Suburbia” (September 22, 1986)
Frenzied dogs chase the bassline from “Into the Groove.”

“It’s a Sin” (June 15, 1987)

Pet Shop Boys - It’s a Sin


My father was born a year or two before Neil Tennant and 10 miles away, in the poorest, sparsest-populated, most desolately industrial region of England. There the parallels diverge, because while he was raised with no particular religion—dad’s dad had little affection for the aristocracy, the bosses or the Church of England, and gleefully voted out Churchill in 1945—Tennant ended up at St. Cuthbert’s, a Catholic secondary school in Newcastle, the subject of this song. I admire its thundering, bombastic maximalism (“The outro? Oh, let’s chuck in a space shuttle launch”), but it’s the same sort of detached, aestheticized admiration I might reserve for some extravagant cathedral.

What Have I Done To Deserve This?” ft. Dusty Springfield (August 10, 1987)
In the novels of Ronald Firbank, early modernist and delighter in sexually indeterminate decadence, few people manage to sustain attentive conversations; they talk past each other, or to themselves, depending on their latest social agendas. It reminds me of this duet, which I adore: An irked, unimposing kept-man type sulkily vamping (“I pour the drinks and crush the flowers”) while his partner wonders how she’ll get through without his non-existent love. Dusty doesn’t even show up until 1:30 in, but her rueful presence rapidly takes over, and he’s reduced to repeating that peevish query: “What have I done to deserve this?” I don’t think the queerness of both singers is incidental; their put-upon camp suggests that one might answer the song’s title with “heterosexuality.”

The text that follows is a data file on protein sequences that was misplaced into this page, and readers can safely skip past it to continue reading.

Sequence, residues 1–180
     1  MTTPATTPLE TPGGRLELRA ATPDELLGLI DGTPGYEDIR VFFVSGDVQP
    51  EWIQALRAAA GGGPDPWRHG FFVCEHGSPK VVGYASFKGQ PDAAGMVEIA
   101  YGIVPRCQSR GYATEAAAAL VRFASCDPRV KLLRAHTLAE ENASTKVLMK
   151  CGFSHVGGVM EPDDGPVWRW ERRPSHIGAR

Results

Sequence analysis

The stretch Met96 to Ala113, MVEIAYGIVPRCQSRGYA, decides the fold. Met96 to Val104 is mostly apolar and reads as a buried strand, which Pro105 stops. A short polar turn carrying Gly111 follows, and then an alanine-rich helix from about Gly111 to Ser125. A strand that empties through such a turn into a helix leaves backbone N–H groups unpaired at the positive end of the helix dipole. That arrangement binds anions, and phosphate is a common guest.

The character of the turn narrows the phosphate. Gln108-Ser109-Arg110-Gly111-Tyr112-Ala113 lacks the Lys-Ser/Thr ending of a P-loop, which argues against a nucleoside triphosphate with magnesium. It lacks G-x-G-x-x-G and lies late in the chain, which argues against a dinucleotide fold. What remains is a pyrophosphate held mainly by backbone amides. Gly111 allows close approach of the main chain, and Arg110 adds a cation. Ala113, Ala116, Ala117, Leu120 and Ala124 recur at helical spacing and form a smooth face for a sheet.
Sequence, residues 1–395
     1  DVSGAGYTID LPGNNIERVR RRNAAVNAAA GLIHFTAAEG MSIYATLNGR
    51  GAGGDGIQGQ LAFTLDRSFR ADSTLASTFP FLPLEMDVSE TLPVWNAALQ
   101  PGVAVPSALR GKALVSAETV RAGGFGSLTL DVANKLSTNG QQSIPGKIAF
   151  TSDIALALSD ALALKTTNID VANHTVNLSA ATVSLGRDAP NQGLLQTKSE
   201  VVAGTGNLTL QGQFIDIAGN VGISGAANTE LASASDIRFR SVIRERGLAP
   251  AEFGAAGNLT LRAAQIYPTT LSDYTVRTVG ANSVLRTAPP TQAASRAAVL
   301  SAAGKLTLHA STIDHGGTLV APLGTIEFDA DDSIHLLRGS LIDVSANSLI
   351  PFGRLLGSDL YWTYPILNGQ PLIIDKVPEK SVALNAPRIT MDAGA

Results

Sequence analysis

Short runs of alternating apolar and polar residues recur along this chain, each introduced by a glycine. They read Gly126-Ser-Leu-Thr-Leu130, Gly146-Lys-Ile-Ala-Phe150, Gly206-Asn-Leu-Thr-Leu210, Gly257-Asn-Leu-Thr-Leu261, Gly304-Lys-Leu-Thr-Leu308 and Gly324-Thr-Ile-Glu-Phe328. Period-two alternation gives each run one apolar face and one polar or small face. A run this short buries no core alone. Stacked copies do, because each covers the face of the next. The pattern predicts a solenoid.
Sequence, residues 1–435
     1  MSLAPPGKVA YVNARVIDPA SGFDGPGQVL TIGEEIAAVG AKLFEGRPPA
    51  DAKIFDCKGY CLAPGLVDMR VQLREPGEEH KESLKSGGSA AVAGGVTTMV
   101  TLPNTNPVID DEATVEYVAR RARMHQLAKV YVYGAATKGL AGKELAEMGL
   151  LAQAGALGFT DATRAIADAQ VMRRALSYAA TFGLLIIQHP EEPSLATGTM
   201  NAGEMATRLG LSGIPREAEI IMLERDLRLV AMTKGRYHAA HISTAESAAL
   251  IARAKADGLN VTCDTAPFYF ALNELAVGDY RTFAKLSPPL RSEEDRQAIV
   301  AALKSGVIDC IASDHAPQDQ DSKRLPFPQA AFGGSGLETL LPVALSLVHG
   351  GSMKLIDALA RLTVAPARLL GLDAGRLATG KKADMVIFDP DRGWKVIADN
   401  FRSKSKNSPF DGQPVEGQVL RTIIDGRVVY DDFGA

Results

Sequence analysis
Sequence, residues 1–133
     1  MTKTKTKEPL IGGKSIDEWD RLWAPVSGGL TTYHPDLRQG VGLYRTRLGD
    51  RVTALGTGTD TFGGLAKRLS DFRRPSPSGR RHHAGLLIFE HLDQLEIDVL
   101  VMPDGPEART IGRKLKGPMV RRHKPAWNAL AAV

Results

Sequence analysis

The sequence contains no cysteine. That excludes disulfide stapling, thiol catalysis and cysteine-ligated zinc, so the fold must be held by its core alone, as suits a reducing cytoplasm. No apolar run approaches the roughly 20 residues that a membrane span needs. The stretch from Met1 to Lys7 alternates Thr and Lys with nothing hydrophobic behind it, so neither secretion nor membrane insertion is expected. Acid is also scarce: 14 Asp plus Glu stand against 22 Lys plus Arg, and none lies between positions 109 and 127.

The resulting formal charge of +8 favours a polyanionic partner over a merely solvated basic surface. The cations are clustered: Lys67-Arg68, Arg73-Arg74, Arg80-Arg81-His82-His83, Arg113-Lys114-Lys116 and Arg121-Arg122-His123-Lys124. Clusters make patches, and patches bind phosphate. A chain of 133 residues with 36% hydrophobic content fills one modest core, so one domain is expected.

Rent” (October 12, 1987)
Despite that title and what must be deliberate suggestiveness, the author of “Rent” has long claimed its protagonist is a female sex worker. As a typically weird teenager, straight but uncertain about gender (beyond “it’s stupid”), the confusion was part of the appeal. The narrator can’t make up their mind either; is it “I love you: you pay my rent,” or “I love you… You pay my rent”? Are they speaking to a client or a lover? Words mean so little, and money less/When you’re lying next to me,” irony and poignancy in almost equal measure.

Always On My Mind” (November 30, 1987)
I sing “Always On My Mind” at karaoke a lot, in part, I think, because the very cover is self-consciously performative. Willie Nelson sang this tune in newfound humility and probably overalls; Pet Shop Boys entered their stance from the opening notes, a sublime synthesizer fanfare, like the tune by which one might be introduced in the court of some regal alien. Neil Tennant is sorry, albeit arrogant, albeit deservedly, but he also intends to win you back, and he’s confident that these ascending flat notes will beguile you once again. To quote Alfred Soto, “he’s going to keep trying to become worthy of the attention lavished on him.”

Heart” (March 21, 1988)
Their last British #1, and the simplest one, a straightforward confession of throat-caught love. Lowe and Tennant considered offering the demo to Madonna but couldn’t find the nerve to contact her, which seems sweetly fitting. Plus, she wouldn’t have cast Ian McKellen as a bride-seducing vampire in the video.